Though they were originally searching for deep sea organisms in January, a group of researchers made a very different discovery. While trawling and taking pictures of the seafloor in tropical Atlantic waters about 5,000-5,500 meters (16,400-18,000 feet) below the surface, the crew discovered their gear was getting caught up on unknown objects. When the equipment returned to the surface, they were stunned to find that it was actually manganese nodules from a deposit much larger than any previously discovered in that ocean. The joint announcement comes from the University of Hamburg and GEOMAR Helmholtz Centre for Ocean Research in Kiel, Germany.
"We did not expect that at this point," lead scientist Colin Devey said in a press release.
Nodule formation is an incredibly painstaking process. Manganese hydroxide (and other metals including zinc, copper, iron, and cobalt) crystallizes around small fragments of deep-sea bone, rock, or fossils, and it can take millions of years to even add a centimeter onto the nodule’s diameter. While nodules can sometimes have a slightly irregular shape or look somewhat flattened, these particular specimens were much rounder than what is normally found.
Devey’s team suspects that some of these can be over 10 million years old, as the largest nodules discovered in the deposit were roughly the size of a bowling ball, though others were as small as a golf ball. While nodule deposits have been found in the Atlantic before, the size of this particular location is quite special.
”Manganese nodules are found in all oceans. But the largest deposits are known to occur in the Pacific. Nodules of this size and density in the Atlantic are not known," Devey explained.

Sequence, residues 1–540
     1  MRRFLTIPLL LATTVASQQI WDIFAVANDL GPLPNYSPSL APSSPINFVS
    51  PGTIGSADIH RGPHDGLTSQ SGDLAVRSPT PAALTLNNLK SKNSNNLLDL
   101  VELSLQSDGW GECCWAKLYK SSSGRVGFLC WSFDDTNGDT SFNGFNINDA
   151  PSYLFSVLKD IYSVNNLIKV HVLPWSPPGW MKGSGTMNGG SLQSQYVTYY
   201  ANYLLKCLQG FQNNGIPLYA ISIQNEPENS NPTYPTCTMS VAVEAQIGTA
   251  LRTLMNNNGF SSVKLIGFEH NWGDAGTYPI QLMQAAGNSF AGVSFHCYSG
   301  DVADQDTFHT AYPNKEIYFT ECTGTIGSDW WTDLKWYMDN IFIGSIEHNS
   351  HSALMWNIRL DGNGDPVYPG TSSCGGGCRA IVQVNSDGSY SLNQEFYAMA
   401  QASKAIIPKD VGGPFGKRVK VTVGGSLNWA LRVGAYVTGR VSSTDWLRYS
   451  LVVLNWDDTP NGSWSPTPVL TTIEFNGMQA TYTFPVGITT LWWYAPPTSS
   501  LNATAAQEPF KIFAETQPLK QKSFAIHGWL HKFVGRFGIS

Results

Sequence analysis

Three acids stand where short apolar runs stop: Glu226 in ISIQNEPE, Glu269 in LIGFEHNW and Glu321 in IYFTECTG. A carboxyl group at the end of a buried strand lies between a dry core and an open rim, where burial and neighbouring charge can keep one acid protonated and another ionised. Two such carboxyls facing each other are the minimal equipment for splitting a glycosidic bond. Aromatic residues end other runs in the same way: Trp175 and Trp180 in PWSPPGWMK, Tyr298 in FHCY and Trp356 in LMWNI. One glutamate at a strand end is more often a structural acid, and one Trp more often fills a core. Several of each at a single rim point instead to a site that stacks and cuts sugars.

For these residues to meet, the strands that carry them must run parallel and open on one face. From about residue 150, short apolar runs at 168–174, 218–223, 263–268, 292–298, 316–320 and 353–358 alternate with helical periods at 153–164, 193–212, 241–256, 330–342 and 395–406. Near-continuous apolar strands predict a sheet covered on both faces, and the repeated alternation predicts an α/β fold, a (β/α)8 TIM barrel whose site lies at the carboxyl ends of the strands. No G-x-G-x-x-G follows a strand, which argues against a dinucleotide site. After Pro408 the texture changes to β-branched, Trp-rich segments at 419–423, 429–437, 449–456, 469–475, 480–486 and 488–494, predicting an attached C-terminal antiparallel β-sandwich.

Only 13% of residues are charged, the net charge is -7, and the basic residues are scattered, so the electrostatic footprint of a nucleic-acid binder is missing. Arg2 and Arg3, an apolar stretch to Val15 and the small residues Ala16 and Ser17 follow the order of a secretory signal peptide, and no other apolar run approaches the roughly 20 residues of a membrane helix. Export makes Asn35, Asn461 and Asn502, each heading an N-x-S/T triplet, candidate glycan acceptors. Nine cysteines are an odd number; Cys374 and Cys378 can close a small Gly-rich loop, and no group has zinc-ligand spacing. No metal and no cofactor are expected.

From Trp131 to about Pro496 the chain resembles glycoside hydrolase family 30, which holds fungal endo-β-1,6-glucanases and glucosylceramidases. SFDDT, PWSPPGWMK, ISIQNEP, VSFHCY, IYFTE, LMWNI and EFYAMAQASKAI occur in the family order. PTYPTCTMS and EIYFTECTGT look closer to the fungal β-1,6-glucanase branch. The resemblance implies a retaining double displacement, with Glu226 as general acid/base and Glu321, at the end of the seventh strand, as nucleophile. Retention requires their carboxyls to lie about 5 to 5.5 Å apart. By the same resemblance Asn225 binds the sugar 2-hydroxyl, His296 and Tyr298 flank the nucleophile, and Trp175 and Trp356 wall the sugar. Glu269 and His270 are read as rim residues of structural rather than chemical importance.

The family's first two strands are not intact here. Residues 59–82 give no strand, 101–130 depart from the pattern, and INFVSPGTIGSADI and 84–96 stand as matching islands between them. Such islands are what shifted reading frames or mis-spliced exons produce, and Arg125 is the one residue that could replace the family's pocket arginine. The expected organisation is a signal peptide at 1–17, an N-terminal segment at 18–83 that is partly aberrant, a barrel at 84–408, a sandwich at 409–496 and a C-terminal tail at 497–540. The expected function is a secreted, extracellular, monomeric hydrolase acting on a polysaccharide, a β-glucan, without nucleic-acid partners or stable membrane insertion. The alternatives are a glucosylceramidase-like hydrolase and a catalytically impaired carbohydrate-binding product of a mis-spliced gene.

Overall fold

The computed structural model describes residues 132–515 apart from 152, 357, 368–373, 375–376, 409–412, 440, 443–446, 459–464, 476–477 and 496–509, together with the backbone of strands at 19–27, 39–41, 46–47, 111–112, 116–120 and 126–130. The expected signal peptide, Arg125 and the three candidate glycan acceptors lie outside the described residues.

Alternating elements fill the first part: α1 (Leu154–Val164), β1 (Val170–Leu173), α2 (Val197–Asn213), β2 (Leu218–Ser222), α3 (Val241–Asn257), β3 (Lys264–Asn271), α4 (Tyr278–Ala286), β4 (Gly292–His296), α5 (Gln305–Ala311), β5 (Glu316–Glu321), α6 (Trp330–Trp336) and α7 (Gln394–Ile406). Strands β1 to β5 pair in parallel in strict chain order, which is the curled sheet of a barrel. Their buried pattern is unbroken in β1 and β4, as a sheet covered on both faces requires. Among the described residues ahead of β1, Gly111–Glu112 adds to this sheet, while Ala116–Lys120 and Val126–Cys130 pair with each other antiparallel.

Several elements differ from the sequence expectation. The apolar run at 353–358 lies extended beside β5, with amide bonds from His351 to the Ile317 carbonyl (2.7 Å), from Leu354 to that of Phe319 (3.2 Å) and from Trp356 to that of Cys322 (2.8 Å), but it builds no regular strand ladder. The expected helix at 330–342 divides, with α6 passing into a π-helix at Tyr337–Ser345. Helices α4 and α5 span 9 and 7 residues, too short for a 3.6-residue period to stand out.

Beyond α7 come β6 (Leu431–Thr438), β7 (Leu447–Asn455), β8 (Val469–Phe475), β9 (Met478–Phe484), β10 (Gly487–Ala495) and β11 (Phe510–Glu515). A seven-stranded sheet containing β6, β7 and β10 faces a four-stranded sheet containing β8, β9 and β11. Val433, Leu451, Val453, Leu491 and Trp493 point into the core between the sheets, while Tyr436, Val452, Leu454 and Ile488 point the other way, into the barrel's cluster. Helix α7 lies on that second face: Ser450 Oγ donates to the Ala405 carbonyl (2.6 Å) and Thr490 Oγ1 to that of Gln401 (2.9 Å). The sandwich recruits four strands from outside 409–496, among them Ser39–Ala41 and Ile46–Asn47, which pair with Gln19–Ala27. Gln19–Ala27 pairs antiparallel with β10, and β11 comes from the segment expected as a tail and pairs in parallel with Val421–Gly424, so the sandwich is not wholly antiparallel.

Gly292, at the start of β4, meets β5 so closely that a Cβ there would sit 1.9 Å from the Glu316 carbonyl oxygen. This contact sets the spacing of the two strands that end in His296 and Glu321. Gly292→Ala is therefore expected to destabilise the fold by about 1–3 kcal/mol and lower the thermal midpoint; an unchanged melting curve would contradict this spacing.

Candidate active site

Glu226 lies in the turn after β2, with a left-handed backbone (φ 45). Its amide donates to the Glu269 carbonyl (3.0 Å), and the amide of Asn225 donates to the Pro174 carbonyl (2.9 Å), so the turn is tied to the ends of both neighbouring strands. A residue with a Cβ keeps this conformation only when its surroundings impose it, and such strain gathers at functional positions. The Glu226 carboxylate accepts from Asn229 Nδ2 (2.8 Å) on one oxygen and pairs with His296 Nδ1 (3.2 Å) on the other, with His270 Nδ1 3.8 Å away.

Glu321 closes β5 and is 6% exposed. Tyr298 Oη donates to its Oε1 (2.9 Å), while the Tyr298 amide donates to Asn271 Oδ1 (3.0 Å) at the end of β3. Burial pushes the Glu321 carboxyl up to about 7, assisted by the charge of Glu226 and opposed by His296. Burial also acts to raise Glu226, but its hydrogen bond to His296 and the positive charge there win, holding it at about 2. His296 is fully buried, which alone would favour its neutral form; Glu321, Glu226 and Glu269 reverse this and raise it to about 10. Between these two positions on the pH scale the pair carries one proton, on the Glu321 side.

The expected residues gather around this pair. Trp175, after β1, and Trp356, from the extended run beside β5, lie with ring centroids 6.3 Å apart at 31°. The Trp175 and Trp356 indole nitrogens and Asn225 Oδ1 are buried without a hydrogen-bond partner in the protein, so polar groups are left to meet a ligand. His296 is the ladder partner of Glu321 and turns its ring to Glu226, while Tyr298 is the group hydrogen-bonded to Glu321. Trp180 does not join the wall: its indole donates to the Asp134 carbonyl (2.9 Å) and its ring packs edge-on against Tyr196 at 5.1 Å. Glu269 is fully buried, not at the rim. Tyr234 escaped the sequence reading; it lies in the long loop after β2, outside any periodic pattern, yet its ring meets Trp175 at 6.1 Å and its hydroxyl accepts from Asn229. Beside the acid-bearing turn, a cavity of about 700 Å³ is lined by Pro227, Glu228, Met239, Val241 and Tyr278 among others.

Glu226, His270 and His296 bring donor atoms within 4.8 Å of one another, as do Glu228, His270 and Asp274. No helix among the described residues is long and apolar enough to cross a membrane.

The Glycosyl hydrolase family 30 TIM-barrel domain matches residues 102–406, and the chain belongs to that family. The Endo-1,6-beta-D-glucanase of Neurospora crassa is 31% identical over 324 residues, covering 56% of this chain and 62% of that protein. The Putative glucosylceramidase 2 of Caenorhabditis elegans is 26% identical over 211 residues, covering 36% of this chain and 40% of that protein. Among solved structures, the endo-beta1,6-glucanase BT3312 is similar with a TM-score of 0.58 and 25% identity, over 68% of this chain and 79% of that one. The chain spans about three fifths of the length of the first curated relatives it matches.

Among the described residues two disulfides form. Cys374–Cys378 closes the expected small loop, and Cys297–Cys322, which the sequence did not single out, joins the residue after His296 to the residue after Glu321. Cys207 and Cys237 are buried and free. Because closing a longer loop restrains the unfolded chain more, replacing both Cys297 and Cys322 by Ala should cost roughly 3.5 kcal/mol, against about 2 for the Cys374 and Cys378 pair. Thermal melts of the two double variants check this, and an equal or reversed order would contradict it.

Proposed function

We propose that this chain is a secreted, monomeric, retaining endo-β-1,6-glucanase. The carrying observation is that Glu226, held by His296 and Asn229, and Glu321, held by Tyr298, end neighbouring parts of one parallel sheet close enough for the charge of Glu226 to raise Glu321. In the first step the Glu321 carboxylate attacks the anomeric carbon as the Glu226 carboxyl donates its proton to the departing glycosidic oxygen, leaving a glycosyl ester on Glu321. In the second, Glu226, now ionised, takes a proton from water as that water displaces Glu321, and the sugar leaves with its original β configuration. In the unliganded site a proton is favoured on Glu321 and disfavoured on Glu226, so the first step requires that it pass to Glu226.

Cross section of a manganese nodule is shown on the left with the exterior of the nodule shown on the right. Image credit: Thomas Walter
"This discovery shows us how little we know of the seabed of the abyssal ocean, and how many exciting discoveries are still waiting for us," added Angelika Brandt from the University of Hamburg. "At this station, very few organisms were found in the nets which captured the manganese nodules. It is quite possible that living creatures find the immediate vicinity of the nodules quite inhospitable. The second haul with the epibenthic sled at this station, which sampled over a continuous manganese crust with a thick layer of sediment on top, was quite different. Here the net collected many organisms which we were able to see with the naked eye, and we are already looking forward to the analysis of this sample.”
Because of their impressive age, the researchers will examine the nodules in hopes of finding clues about the Earth in the past, such as indications of changing ocean conditions or even clues about climate. Though the team might not have expected to produce geological specimens during their 42 days at sea, they intend to embrace the nodules, while still proceeding with their original line of research.
"We will continue our planned program. But the samples obtained here will definitely be examined in detail in our land-based laboratories. We are now excited to see what surprises the Atlantic might still hold for us," Devey concluded.
[Hat tip: LiveScience]